October 5, 2022 – Anthony Fauci, MD, director of the National Institute of Allergy and Infectious Diseases and chief medical advisor to President Joe Biden, said this week that he is not prepared to say we are nearing the end of COVID-19. But Fauci said during a press conference, but as a country, we seem to be on the right track virtual chat For the Annenberg Center for Health Journalism at the University of Southern California.
“it is clear that [the president’s statement] It can be problematic because people will interpret it as “it’s all over and we’re done for good,” which isn’t the case, there’s no doubt about it,” Fauci said.
Instead, interpret the comment as a sign of the country’s improvement in case numbers and death rates over the past several months – and the worst is likely behind us.
Fauci, who has been heavily criticized for his public messages, chose his words carefully, even as he promised a brighter future.
“I think it would be arrogant to suddenly say we’re done [COVID],” he said. “Because remember we were going in the right direction in the summer of 2021, and Delta came along. Then in winter, Omicron came. Since then, we have sub-lines of Omicron.”
Especially with the winter months approaching, Fauci said, precautions still need to be taken to reduce the chances of another spike. When asked what precautions he himself takes, Fauci makes it clear that he still doesn’t go to the indoor dinner. He continues to attend receptions—mostly outdoors—without a mask, but if he’s been indoors for “an extended period of time,” he keeps the mask on.
Much of the conversation also reflected on the lessons that can be learned from the mixed messages sent by public health experts, including Fauci, during the COVID pandemic and more recent developments in monkeypox.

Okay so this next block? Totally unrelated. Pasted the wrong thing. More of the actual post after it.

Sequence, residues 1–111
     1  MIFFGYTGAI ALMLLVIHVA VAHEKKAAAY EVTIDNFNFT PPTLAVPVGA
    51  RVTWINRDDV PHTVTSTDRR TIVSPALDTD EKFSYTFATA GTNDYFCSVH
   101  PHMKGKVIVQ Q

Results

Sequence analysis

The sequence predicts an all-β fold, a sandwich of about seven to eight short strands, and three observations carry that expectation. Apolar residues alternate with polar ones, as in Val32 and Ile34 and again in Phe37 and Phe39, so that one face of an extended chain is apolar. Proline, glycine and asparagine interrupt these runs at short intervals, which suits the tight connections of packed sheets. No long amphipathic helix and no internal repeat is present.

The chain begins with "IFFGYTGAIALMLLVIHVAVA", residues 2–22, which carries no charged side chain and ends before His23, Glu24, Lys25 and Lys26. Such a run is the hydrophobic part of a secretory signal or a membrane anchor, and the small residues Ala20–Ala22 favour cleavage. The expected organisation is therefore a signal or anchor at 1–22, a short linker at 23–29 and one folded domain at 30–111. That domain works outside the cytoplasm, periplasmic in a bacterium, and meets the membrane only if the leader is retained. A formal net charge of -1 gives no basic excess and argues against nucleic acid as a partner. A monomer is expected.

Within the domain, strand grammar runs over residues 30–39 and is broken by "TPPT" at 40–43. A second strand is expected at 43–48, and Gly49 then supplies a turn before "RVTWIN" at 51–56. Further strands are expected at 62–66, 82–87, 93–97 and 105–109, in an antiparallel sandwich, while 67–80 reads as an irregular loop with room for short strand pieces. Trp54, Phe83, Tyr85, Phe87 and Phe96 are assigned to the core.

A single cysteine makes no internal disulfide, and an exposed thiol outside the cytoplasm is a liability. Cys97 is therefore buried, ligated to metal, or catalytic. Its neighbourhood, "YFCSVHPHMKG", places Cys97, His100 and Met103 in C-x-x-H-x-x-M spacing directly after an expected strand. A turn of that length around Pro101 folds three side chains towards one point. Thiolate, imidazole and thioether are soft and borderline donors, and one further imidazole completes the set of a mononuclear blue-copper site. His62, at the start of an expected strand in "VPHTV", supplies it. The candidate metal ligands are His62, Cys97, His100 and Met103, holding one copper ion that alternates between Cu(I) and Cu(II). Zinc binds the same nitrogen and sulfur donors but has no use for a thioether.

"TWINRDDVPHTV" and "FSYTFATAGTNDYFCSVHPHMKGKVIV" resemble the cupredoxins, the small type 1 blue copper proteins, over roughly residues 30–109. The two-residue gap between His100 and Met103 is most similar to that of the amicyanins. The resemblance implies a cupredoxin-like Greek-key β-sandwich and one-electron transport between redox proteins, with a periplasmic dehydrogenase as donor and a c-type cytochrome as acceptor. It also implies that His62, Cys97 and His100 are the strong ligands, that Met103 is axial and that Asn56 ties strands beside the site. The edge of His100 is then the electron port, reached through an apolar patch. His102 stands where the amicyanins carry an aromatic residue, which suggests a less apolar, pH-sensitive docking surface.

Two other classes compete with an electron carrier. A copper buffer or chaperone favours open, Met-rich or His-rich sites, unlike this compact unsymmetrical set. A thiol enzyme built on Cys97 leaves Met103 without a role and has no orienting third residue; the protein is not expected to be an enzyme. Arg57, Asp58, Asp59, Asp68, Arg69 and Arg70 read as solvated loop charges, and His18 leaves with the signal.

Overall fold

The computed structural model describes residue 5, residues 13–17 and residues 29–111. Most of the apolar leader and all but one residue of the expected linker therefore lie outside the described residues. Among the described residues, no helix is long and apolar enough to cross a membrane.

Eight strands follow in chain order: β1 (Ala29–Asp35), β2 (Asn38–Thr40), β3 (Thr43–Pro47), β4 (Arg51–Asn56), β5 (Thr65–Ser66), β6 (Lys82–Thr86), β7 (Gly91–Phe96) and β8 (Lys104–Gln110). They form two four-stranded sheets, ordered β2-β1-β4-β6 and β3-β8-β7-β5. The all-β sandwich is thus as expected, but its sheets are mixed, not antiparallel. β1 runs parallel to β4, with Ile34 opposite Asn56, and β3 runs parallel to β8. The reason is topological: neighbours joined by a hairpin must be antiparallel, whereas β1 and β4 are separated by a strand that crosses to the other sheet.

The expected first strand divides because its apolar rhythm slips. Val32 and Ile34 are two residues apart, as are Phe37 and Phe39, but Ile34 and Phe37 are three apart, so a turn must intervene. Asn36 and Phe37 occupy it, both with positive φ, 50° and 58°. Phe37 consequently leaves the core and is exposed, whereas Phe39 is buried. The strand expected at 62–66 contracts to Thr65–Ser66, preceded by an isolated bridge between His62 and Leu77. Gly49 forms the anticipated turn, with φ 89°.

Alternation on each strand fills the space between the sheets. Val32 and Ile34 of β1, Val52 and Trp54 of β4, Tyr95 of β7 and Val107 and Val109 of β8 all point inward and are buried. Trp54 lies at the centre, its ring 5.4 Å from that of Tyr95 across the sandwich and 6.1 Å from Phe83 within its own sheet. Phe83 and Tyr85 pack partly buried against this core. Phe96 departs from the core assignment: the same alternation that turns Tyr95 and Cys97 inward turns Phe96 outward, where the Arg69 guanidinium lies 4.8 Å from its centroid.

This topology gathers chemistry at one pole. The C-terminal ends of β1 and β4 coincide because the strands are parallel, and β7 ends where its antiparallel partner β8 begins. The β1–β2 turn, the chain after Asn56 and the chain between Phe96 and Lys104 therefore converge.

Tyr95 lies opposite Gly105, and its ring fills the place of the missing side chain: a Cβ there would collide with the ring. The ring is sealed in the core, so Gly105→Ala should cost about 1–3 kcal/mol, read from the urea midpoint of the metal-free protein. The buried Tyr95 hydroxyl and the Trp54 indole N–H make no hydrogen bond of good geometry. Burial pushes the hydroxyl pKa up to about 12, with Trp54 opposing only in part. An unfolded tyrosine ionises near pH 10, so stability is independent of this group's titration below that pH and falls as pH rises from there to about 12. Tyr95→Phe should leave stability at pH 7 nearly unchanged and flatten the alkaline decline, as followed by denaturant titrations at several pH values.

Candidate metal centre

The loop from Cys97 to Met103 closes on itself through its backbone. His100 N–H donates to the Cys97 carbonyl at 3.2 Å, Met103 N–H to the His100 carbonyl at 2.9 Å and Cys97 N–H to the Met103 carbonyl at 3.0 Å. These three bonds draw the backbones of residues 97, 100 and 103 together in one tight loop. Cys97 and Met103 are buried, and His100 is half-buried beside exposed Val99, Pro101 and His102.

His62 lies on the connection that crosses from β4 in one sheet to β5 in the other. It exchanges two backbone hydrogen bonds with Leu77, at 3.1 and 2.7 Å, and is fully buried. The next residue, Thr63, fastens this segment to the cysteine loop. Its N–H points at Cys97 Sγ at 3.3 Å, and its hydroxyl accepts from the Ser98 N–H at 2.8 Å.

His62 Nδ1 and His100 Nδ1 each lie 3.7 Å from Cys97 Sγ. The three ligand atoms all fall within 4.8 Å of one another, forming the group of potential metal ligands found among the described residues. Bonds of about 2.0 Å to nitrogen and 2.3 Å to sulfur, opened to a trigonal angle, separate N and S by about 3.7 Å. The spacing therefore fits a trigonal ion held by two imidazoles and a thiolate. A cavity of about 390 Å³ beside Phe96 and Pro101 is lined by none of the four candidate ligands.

“I have always tried to give the hard truth,” Fauci said, “but often the hard truth is not heard under the circumstances under which it was given.” He blames social media for misrepresenting public comments and the spread of misinformation due to the general lack of clarity that many have attributed to his statements and CDC statements on COVID.
Fauci said that if he could go back and do certain things differently, he would. If he had had the choice, he would have tried to be more careful during the early months of the pandemic in emphasizing the uncertainty of the situation we were going through.
Fauci added that the main drawback the United States continues to face in relation to the pandemic is vaccination resistance and the eventual boost to COVID. And when it comes to vaccines, he doesn’t see the message as polarizing.
People say [I’m a] Fauci said. “Well, when I say you should be vaccinated because it saves lives, and someone says no, am I the polarizing character? Or is it the person who says something completely incorrect that is causing the polarization?”